• Squash are generally recommended to be grown on hills. Simply hill soil up in the place you’ve chosen for your squash plants. Squash hills don’t have to be tall, but several inches above the rest of the garden is sufficient.
  • Place seeds in the top of the hill, cover with soil, and water well. Seeds should germinate within a week. If all seeds planted germinate, then thin the seedlings by removing one or two.
  • If planting from seedlings purchased from the store or started indoors, be sure to first harden off the seedlings. Then, carefully plant the seedlings in your hills, taking care not to damage the roots. Water plants to help them establish.
Our squash seedlings 2 weeks after planting.

Caring for squash plants

I find squash to be some of the lowest maintenance plants in the spring and summer vegetable garden. With good soil, they will flourish and produce well.

Watering squash

Keep soil around the squash plants damp, but they’re also fine to dry out a bit between waterings. For summer varieties especially, their wide leaves will help to shade the soil, helping the soil to not dry out too quickly. Mulching around the plants can also help to keep the soil moist.

Fertilizing squash and zucchini

Use a general, good quality fertilizer once the plants are established, choosing one that is lower in nitrogen. A high nitrogen fertilizer can encourage lots of green leaves and not as many blooms.

Pruning squash and zucchini

While pruning squash may not seem like something you’d need to do, pruning squash and zucchini will encourage air flow. As with pruning other bushy plants, like tomatoes (See my guide to pruning tomatoes), pruning can help reduce the chance of powdery mildew. See this great video from MiGardener for a guide to pruning squash and zucchini.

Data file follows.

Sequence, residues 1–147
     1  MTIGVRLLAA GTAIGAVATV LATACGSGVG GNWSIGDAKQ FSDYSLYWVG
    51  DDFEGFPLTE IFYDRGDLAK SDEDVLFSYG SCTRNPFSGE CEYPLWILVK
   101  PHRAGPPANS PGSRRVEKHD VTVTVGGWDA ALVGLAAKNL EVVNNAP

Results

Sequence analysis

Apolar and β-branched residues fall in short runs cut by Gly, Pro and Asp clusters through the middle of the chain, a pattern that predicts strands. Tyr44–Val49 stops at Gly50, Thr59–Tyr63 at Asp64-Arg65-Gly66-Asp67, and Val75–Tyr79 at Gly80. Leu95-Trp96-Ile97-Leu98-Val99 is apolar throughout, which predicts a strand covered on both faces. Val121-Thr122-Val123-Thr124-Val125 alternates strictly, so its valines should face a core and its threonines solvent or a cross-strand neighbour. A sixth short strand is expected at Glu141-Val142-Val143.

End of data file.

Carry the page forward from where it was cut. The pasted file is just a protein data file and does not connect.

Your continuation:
How to harvest squash and zucchini

Now the fun part, harvesting your squash! No matter the variety, winter or summer, how do you know when your squash is ready to be harvested?

For summer squash and zucchini, you’ll know by the size. Large summer squash and zucchini generally do not taste as great. In fact, if you happen to forget to check your plants and come outside to a 2-foot zucchini, then I always recommend zucchini bread! So harvest your squash and zucchini when they’re 6-10 inches long, depending on the variety.

Use a sharp paring knife to cut the squash away from the plant at the stem. Pulling or twisting the fruit off may result in dislodging the entire plant or breaking the stem off, exposing the inside of the squash. If this happens, just plan to use that squash as soon as possible.

For winter squash, which many typically grow on vines, read the seed package for how many days until harvest. You can also pay attention to the color of the fruit itself. Don’t harvest squash that hasn’t yet reached its proper coloring. For a full guide on harvesting and curing winter squash, check out this article from Savvy Gardening.

Storing and preserving squash

For summer squash and zucchini, they can be store in the refrigerator until ready to use. Be watchful for soft spots, especially on zucchini and try to use them within a week of harvesting.